CHAZ, day 4. I prefer the CHAZ, a resident says, compared to the week and a half when cops in the neighborhood had their precious barrier set up about a block away from our apartment.
The Capitol Hill Autonomous Zone, or CHAZ, day 4. "I prefer the CHAZ," a resident says, "compared to the week and a half when cops in the neighborhood had their precious barrier set up about a block away from our apartment." Chase Burns

Our President thinks "ugly Anarchists" and "Domestic Terrorists" have taken over Capitol Hill. In case you somehow missed it, here are the tweets:
This tweet was taken down and removed after Trump realized how to spell stopped.
This tweet was taken down and replaced after Trump realized how to spell "stopped."

Trump's claims of "Domestic Terrorists" taking over the area is news to most residents, demonstrators, and journalists on the ground. As Rich Smith wrote, yesterday was an exceedingly chill day at the Capitol Hill Autonomous Zone. Demonstrators have been "emanating a lot of chill street fair energies" and setting up an outdoor cinema and an evolving teach-in outside the East Precinct. Some horrifying anarchists are even gardening inside Cal Anderson. "Chill" vibes aside, people are still relatively clear-eyed about the mission; demands are listed all over the CHAZ—on signs, buildings, streets, and barriers. A website is now live featuring demands and live cams.

But you don't have to just take our on-the-ground reporting to disprove Trump's "Domestic Terrorists" claim. We asked six residents who live in apartments within the six-block CHAZ radius how they're holding up. Here's what Scott, a resident who lives on Pine, had to say:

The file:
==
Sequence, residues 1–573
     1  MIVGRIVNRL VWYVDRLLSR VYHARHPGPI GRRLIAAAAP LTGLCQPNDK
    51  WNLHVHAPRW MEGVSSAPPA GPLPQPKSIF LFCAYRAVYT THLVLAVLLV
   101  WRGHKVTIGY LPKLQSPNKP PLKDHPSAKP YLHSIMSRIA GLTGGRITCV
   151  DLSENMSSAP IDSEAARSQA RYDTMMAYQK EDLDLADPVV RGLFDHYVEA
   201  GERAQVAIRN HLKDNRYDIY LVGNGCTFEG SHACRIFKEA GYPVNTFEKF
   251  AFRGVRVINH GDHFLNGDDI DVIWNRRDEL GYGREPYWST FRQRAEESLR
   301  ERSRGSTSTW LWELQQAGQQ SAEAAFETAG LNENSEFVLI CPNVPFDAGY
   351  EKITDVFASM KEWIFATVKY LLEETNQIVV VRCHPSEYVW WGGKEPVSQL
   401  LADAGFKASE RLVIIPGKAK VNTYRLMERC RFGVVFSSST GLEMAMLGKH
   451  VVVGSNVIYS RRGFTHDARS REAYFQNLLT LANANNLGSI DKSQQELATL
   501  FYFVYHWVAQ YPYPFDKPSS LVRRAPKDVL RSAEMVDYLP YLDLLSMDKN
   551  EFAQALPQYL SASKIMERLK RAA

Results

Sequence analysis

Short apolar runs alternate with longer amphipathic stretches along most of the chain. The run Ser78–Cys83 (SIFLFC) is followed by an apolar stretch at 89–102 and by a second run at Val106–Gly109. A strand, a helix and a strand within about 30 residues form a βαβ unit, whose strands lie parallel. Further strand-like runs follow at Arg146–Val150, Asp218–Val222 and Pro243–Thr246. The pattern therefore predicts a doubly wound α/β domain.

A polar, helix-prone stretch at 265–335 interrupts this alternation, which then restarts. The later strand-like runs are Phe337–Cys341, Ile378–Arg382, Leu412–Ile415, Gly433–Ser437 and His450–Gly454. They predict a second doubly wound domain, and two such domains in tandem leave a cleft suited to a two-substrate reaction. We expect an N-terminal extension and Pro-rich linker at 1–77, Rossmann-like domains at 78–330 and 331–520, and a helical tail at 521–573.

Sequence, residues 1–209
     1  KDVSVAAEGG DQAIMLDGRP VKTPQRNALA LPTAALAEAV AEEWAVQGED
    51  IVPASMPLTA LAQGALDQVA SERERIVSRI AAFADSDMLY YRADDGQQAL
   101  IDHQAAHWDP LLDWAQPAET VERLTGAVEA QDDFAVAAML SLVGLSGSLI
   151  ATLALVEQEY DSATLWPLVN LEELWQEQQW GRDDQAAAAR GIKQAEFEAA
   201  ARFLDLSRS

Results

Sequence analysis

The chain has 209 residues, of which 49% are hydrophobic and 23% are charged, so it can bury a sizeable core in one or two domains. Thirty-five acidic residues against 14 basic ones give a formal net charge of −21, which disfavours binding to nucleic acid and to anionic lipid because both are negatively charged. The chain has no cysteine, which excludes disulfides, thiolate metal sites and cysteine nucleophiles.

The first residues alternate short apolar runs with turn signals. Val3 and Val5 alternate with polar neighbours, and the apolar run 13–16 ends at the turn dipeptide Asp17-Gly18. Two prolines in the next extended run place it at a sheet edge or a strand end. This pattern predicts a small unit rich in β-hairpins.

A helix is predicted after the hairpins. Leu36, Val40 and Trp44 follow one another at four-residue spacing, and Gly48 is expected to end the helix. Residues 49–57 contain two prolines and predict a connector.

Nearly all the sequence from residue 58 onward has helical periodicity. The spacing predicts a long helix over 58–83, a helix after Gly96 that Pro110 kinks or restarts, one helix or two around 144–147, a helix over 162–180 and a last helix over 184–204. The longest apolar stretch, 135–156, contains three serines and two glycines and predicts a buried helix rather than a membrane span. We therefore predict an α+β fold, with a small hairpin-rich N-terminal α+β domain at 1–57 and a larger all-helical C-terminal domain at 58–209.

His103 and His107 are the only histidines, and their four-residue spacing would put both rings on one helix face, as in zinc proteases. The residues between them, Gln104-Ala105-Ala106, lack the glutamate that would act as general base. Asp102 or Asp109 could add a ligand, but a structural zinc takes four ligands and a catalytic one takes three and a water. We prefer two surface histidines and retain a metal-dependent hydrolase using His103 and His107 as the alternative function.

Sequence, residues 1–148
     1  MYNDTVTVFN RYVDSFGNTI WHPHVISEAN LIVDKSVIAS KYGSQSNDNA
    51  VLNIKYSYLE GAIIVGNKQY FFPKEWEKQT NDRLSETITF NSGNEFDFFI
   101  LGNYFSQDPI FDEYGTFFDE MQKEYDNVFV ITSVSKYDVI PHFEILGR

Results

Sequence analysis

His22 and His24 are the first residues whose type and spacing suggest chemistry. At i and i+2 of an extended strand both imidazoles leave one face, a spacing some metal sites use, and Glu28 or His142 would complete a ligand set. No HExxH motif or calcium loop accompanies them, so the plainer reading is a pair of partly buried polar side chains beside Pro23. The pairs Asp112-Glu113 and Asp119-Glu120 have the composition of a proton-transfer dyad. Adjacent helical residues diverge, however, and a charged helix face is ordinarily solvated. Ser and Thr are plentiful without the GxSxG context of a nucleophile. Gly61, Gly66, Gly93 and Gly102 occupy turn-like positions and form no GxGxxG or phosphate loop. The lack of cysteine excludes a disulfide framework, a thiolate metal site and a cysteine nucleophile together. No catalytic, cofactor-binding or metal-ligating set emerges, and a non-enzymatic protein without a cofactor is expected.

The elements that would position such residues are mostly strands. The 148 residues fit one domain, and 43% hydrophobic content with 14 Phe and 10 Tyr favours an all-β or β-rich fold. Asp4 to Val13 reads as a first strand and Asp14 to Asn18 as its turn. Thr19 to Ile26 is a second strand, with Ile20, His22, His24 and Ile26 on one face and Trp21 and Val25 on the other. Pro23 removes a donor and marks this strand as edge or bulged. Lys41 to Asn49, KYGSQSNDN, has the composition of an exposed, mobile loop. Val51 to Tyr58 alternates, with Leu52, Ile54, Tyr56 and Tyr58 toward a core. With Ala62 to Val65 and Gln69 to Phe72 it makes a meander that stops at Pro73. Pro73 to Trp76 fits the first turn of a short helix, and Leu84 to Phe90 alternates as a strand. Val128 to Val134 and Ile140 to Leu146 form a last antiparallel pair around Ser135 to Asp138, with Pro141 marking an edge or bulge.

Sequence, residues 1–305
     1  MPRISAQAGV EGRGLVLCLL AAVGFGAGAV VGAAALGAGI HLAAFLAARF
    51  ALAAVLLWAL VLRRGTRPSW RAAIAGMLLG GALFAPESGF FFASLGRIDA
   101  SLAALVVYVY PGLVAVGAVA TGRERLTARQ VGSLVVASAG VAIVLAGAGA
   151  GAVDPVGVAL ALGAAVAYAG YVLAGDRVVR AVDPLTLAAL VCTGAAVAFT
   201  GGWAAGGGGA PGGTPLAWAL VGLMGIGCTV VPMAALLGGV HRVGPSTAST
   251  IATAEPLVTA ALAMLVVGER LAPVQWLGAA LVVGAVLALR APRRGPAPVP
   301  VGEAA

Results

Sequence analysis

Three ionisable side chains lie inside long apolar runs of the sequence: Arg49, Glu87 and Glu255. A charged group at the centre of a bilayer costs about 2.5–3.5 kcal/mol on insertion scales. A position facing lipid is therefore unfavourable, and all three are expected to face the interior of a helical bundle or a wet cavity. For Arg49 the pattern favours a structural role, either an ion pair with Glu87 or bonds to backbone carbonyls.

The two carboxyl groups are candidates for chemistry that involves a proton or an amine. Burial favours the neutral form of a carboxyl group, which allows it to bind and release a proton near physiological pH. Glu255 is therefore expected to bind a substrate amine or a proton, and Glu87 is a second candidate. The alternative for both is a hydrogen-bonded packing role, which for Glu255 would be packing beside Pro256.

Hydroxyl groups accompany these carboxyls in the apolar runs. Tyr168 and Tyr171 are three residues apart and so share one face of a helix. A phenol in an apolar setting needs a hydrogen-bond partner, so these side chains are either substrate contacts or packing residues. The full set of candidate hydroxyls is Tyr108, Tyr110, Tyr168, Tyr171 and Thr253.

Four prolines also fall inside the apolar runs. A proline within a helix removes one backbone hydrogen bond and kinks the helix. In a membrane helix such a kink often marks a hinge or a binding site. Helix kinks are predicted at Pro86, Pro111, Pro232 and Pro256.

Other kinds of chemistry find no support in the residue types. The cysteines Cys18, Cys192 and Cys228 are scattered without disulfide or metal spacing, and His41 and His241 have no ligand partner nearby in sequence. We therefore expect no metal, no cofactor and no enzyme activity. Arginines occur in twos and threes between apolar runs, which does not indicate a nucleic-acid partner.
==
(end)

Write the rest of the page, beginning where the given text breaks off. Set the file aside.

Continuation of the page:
Really it’s been pretty great since the police de-escalated! I’ve been tear gassed in my apartment and on the street several times last week. I didn’t realize the mental burden of anxiety I had from the police holding a siege fortress across the street, amplified by the seemingly endless possibility of being tear gassed by the state *again* in my own home, until they finally relinquished control of the street to peaceful neighbors.

Since the de-escalation I’ve been able to help with trash pick up on the block, get lunch from businesses within the CHAZ boundaries, and try out my new bubble machine from my apartment without fear that any of these activities would involve an unnecessary interaction with the police.

Directly responding to the President’s tweets: There are anarchists on the block, it’d be tough to say there isn’t. The ones I’ve talked to seem to be taking the lead from BLM leaders to build the community within the Zone. There is more compassion and willingness to build better futures together than anything I’ve seen out of leadership in the White House in the last few years, and specifically out of Seattle’s City Hall in the last two weeks.